I have a collection of webapps that are running under tomcat. Tomcat is configured to have as much as 2 GB of memory using the -Xmx argument.
Many of the webapps need to perform a task that ends up making use of the following code:
Runtime runtime = Runtime.getRuntime(); Process process = runtime.exec(command); process.waitFor(); ...
The issue we are having is related to the way that this "child-process" is getting created on Linux (Redhat 4.4 and Centos 5.4).
It's my understanding that an amount of memory equal to the amount tomcat is using needs to be free in the pool of physical (non-swap) system memory initially for this child process to be created. When we don't have enough free physical memory, we are getting this:
java.io.IOException: error=12, Cannot allocate memory at java.lang.UNIXProcess.<init>(UNIXProcess.java:148) at java.lang.ProcessImpl.start(ProcessImpl.java:65) at java.lang.ProcessBuilder.start(ProcessBuilder.java:452) ... 28 more
My questions are:
1) Is it possible to remove the requirement for an amount of memory equal to the parent process being free in the physical memory? I'm looking for an answer that allows me to specify how much memory the child process gets or to allow java on linux to access swap memory.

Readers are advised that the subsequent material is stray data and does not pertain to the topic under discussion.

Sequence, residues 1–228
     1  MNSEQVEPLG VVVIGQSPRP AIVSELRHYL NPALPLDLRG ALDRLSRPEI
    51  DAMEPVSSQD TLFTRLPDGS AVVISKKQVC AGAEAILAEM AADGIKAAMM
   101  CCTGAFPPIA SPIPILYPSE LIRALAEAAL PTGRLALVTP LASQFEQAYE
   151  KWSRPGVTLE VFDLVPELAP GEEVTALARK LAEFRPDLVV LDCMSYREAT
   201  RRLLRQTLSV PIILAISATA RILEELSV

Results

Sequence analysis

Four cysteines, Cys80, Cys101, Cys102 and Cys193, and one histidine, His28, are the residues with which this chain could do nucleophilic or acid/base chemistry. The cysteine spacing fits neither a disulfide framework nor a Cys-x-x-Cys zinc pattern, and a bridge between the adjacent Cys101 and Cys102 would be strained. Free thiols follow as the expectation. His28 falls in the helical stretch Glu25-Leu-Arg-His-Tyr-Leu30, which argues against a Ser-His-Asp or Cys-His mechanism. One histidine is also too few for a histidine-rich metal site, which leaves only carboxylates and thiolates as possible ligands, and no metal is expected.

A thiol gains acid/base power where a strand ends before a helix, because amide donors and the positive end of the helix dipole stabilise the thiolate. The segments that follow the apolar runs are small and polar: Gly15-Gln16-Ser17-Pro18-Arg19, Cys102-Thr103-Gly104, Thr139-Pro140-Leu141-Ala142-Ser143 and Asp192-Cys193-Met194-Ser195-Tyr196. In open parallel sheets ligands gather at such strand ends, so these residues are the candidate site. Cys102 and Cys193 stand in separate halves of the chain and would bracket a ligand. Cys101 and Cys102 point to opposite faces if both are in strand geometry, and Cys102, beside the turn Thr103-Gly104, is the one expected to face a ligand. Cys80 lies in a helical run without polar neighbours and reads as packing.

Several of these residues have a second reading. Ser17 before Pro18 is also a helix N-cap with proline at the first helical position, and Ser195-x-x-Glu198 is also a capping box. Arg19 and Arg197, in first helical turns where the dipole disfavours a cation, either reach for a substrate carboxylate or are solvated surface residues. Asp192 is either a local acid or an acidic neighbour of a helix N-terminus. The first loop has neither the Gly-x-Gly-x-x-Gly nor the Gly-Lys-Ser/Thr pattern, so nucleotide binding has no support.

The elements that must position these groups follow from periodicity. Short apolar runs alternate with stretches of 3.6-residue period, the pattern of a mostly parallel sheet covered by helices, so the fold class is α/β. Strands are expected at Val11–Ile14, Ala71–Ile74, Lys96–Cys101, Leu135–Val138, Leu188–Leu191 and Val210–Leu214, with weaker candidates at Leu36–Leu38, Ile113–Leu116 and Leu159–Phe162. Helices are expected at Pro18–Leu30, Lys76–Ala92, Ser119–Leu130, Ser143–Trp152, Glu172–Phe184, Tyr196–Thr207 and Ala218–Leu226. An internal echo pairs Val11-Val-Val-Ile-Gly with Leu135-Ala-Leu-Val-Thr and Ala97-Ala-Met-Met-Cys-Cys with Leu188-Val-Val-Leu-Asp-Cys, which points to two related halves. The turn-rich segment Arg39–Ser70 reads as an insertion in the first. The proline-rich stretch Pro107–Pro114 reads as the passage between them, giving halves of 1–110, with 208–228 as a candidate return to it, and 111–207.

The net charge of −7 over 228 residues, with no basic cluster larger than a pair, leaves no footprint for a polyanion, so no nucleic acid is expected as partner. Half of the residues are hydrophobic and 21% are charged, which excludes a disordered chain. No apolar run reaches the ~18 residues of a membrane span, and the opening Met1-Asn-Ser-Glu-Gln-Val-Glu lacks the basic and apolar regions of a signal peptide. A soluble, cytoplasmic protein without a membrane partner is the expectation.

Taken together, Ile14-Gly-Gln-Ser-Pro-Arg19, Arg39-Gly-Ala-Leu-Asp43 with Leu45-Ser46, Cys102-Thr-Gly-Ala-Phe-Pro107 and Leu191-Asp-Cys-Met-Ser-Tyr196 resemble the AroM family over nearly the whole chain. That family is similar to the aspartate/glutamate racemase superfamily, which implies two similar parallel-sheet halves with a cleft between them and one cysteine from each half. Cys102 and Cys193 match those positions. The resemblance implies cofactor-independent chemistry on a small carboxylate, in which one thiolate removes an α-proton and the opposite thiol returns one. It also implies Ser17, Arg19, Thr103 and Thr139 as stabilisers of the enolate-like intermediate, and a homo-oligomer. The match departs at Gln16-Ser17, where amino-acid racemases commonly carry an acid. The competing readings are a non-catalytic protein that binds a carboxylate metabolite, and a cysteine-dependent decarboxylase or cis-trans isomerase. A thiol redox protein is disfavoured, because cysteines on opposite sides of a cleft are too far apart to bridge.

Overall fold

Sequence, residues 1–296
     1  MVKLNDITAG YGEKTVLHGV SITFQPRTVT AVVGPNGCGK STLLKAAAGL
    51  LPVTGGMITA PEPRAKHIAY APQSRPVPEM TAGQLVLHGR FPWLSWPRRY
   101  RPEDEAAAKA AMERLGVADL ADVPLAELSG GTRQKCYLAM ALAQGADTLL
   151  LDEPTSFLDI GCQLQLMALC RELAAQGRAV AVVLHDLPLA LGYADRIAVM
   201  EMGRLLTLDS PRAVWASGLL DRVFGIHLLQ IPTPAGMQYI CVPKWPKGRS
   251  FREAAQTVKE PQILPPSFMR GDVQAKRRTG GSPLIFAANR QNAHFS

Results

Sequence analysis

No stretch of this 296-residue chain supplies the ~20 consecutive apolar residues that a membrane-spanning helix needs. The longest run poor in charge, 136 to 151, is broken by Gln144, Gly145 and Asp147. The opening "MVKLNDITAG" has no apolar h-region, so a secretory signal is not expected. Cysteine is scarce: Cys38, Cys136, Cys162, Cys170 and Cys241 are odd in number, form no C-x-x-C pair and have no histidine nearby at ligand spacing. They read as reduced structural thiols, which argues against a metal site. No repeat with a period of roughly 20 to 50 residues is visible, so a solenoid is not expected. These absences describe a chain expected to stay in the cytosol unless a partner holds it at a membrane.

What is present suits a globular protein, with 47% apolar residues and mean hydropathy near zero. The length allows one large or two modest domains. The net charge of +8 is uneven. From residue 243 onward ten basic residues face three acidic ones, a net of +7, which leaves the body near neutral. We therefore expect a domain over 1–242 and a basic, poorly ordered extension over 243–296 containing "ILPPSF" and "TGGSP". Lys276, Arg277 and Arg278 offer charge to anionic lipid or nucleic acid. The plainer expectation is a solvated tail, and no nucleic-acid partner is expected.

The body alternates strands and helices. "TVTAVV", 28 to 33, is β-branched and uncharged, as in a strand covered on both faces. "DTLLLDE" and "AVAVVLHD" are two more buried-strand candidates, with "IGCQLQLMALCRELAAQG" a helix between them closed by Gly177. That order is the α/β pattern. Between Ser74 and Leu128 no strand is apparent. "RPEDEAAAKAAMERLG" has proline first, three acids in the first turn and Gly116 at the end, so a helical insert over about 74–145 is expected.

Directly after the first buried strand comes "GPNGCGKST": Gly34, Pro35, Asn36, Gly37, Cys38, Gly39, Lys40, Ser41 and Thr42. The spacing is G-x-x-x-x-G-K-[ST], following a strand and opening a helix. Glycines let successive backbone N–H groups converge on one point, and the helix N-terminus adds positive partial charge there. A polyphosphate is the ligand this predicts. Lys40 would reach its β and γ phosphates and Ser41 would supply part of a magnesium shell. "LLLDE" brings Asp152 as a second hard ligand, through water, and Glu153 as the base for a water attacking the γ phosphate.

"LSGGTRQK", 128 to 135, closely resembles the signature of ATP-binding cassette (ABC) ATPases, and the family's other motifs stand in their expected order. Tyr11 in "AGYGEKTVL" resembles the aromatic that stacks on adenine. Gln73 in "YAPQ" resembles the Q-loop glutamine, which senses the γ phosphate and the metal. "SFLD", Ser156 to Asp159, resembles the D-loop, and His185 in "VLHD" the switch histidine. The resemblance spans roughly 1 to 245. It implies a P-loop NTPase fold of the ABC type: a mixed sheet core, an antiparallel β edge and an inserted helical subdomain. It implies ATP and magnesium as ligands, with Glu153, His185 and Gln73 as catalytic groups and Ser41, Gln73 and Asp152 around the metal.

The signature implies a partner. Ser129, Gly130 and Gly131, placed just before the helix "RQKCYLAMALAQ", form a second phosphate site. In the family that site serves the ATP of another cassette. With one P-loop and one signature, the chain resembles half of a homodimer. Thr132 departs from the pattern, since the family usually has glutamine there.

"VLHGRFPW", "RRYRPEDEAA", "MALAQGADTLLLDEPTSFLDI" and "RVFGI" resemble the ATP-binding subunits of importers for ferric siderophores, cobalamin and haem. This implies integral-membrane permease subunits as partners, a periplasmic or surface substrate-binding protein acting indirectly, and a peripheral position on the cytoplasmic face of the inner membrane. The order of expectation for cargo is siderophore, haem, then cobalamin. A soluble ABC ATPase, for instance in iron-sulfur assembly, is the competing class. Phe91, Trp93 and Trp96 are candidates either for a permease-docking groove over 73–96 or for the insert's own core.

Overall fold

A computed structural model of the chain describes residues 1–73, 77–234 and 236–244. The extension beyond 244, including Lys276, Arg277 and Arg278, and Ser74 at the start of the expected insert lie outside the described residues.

2) What are the alternatives to Runtime.getRuntime().exec() if no solution to #1 exists? I could only think of two, neither of which is very desirable. JNI (very un-desirable) or rewriting the program we are calling in java and making it it's own process that the webapp communicates with somehow. There has to be others.
3) Is there another side to this problem that I'm not seeing that could potentially fix it? Lowering the amount of memory used by tomcat is not an option. Increasing the memory on the server is always an option, but seems like more a band-aid.
Servers are running java 6.
EDIT: I should specify that I'm not looking for a tomcat specific fix. This problem can be seen with any of the java applications we have running on the webserver (there are multiple). I simply used tomcat as an example because it will most likely have the most memory allocated to it and it's where we actually saw the error the first time. It is a reproducible error.
EDIT: In the end, we solved this problem by re-writing what the system call was doing in java. I feel that we were pretty lucky being able to do this without making additional system calls. Not all processes will be able to do this, so I would still love to see an actual solution to this.